In the Business of Food with Ederique Goudia

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Louisiana is known for its great food and warm hospitality. Ederique Goudia grew up loving both cooking and tasting a variety of dishes, surrounded by a family deeply rooted in Louisiana culture, where everyone from her mother and father to her aunts, uncles, and cousins cooked. Discovering in high school that she could turn her passion into a career, Ederique has been in the culinary industry ever since. For over 20 years, she has lived in Detroit, witnessing many changes in the city’s culture and cuisine. Dedicated to empowering creative culinary artists, she helps them ensure their businesses meet all necessary expectations to thrive, providing guidance on profit and loss, pricing strategies, and more. Meet Ederique Goudia on this episode of Detroit is Different. Contact Chef Ederique Goudia at eg@ibfdetroit.com

From Football, to Business, to Black Republican to Reparations, Keith Williams shares his Why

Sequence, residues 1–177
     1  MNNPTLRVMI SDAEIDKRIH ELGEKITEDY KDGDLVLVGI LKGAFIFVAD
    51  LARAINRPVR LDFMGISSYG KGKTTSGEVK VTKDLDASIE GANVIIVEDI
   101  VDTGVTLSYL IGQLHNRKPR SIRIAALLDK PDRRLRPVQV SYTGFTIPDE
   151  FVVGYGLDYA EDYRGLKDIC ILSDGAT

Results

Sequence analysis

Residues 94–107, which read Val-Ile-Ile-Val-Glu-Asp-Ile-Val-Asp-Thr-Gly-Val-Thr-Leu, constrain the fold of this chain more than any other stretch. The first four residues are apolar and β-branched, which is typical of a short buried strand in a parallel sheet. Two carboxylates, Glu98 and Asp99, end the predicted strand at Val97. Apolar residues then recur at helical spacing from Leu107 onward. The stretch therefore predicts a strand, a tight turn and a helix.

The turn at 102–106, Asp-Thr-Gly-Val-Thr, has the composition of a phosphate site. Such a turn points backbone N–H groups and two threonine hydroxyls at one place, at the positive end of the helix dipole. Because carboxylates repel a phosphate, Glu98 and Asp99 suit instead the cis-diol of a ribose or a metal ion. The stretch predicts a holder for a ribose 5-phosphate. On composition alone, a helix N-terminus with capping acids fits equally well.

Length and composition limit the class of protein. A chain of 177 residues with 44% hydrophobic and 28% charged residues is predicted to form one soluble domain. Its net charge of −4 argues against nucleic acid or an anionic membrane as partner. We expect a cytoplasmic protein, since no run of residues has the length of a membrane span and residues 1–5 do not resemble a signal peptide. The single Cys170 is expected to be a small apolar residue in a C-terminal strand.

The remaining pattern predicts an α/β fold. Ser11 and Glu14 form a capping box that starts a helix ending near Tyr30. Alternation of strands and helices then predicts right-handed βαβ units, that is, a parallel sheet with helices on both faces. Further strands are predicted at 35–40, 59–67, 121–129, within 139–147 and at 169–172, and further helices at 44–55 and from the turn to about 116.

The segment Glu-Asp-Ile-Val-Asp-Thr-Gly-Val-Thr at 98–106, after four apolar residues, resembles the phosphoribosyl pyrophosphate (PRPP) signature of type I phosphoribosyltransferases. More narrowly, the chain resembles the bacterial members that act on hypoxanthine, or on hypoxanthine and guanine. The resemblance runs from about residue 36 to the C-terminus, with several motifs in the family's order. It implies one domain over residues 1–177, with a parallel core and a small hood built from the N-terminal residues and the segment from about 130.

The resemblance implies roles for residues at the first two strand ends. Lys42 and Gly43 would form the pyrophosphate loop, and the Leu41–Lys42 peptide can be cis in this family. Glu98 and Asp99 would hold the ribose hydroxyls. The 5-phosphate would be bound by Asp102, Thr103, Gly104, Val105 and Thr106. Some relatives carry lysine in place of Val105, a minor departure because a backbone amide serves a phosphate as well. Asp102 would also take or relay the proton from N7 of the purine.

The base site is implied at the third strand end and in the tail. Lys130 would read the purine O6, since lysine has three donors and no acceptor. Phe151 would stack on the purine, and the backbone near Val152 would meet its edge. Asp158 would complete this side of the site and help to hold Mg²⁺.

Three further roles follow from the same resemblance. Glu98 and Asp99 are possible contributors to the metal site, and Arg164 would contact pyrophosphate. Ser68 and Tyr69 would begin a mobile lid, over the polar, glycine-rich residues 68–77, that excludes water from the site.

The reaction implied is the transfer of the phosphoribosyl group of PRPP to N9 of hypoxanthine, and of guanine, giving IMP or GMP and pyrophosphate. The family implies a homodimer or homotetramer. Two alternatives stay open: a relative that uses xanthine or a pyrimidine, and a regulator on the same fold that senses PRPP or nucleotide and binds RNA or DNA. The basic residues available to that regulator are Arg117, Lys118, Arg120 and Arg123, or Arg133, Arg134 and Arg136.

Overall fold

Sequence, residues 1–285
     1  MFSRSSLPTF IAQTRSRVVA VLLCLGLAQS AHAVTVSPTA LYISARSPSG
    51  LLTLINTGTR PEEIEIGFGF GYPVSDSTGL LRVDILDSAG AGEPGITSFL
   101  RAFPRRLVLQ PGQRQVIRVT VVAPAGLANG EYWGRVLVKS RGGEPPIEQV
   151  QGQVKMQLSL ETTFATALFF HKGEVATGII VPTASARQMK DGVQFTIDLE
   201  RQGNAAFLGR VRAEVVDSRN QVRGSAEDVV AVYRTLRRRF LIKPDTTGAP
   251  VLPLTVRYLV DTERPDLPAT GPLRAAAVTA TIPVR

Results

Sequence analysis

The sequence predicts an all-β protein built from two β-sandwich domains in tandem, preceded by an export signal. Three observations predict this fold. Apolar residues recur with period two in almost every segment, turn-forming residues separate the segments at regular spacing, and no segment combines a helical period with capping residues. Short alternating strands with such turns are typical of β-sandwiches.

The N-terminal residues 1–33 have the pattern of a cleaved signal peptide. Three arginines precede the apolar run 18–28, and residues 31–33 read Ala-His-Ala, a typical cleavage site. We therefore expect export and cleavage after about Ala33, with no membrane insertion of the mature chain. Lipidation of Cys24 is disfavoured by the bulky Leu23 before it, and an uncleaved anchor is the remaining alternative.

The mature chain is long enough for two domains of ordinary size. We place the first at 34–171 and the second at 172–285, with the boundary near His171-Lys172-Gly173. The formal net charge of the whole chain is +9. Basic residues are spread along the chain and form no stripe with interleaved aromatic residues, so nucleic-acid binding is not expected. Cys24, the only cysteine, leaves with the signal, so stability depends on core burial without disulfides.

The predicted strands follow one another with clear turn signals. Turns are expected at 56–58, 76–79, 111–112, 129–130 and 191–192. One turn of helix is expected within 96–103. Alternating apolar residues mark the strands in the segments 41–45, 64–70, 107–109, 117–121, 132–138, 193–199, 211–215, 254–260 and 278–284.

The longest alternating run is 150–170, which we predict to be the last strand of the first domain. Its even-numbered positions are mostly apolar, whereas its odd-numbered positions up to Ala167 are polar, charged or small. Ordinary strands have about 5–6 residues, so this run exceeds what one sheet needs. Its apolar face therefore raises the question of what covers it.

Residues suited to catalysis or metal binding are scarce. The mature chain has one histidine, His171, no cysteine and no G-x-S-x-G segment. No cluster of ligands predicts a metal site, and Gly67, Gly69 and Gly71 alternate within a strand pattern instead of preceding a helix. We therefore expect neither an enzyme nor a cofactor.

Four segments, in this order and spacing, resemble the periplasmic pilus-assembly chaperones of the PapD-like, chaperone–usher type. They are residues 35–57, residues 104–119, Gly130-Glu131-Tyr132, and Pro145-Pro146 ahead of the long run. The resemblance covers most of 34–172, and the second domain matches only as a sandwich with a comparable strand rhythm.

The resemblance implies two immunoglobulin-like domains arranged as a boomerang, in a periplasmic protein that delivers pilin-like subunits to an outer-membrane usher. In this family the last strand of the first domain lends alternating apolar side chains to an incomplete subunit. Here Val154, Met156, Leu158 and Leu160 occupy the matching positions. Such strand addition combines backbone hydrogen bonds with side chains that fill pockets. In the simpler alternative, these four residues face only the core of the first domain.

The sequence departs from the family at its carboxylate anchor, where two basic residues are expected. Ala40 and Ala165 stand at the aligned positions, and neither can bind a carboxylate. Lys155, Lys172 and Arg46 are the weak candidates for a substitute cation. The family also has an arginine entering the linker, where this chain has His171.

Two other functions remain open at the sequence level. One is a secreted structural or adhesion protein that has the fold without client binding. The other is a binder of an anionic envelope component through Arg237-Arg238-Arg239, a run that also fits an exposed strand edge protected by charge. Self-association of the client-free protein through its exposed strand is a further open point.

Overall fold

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Football was the gateway that took Keith Williams to Eastern Michigan University, where his knack for sales soon took hold. In the 1980s, he was selling business forms and starting a printing company. We explore his transition from the Republican Party to help develop a farmers market of the Lodge Service Drive and Livernois. His love for Black people was his motivation. Keith opens up about a decision he regrets and discusses how politics is fundamentally about interests. He sees Black business and Black ownership as the primary interests at hand.

His Grandmother saw the his future now Tarence Wheeler lives it

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Serving the people was a mission instilled in Tarence Wheeler at a young age by his grandmother. Today, he channels his passion, talents, and skills to inspire everyone, especially young Black individuals, to take initiative in empowering their communities. The Southwestern and Arizona State University basketball star opens up about how basketball was a gateway to opportunities, but his true passion has always been the community. Tarence shares his experiences with the 1980s Detroit PSL team (excluding Southwestern players) and much more about hoops. We also discuss the journey of community work and the commitment it requires. Check out Tarence Wheeler in this edition of Detroit is Different.